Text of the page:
Sometimes we hear something like “VersionPress is certainly interesting for developers but I’m not so sure about the common user.” Let me talk about why we are in fact very valid, maybe even more so, to them.
With VersionPress, we target two groups of people:
- Technical people like pro admins, developers etc. (“the 1%”)
- All the other users (“the 99%”)
The first group usually sees the value of VersionPress immediately and it’s true that the initial campaign is geared more towards to them for various reasons, but it’s also more likely that they will have the update problem sorted out, somehow, at least partially.
For example, I am a developer. I know Git well and use it daily. VersionPress is still valuable to me because 1) I have smaller project that I don’t always want to bother with proper versioning, staging etc., and 2) merging two databases (live and test) is still a relatively hard thing to do for me even if I try. So VersionPress has features that are directly useful to me.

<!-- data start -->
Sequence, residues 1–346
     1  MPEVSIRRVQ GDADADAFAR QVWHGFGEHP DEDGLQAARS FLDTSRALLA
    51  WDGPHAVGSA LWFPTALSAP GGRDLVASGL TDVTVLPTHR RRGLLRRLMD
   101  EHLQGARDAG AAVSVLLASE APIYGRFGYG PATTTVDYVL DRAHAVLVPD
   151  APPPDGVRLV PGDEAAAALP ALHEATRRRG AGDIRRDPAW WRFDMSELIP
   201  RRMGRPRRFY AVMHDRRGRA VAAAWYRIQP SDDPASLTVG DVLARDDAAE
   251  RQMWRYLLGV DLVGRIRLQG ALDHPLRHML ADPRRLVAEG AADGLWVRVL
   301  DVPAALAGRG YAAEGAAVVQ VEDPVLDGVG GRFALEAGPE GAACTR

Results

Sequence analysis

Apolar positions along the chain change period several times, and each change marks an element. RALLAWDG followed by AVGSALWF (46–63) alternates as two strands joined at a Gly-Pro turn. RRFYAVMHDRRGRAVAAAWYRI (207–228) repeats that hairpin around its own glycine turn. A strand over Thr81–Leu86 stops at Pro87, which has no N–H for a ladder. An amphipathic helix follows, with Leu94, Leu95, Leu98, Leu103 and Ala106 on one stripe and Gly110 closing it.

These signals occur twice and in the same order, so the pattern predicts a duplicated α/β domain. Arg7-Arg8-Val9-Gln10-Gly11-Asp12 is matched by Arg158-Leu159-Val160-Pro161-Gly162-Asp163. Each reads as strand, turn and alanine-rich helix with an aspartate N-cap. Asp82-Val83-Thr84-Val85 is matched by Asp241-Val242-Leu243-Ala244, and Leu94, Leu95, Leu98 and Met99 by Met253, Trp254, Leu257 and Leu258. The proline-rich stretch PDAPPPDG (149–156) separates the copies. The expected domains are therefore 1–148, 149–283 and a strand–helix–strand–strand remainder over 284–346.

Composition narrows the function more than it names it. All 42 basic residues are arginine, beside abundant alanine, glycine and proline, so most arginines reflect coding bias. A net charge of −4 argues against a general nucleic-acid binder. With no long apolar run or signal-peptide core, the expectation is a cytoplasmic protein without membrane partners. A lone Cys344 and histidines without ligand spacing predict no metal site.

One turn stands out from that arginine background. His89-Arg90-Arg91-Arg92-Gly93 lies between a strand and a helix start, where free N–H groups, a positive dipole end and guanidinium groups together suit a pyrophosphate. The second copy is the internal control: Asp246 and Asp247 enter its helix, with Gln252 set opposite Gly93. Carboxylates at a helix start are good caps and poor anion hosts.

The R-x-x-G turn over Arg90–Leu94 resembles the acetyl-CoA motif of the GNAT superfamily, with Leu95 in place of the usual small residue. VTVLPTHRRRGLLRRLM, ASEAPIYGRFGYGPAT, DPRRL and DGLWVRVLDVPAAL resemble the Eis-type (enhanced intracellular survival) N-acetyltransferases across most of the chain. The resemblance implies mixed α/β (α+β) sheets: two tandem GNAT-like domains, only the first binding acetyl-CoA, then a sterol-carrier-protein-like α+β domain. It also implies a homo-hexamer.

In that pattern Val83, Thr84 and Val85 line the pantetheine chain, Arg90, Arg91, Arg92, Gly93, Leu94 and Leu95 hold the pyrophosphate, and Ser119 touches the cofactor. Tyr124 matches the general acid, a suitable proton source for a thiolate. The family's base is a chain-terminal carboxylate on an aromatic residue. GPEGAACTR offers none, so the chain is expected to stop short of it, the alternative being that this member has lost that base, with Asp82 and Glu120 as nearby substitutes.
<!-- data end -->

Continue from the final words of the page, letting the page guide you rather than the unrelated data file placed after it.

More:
But say that a small business owner has her small WordPress web – she typically doesn’t know how to protect herself from failed updates, how to do staging (she doesn’t even have a clue what that word means) etc. It’s her who will benefit from VersionPress greatly, and she will not need to know a thing about version control, Git, branches and other things because of the UI of VersionPress is designed to be user-friendly.
Simply put, the goal for VersionPress has always been not to target the geeky 1% of WordPress users but to bring something very useful to everyone. Jeff Chandler from WP Tavern called it “bringing version control to the masses” and that’s exactly what we’re trying to do.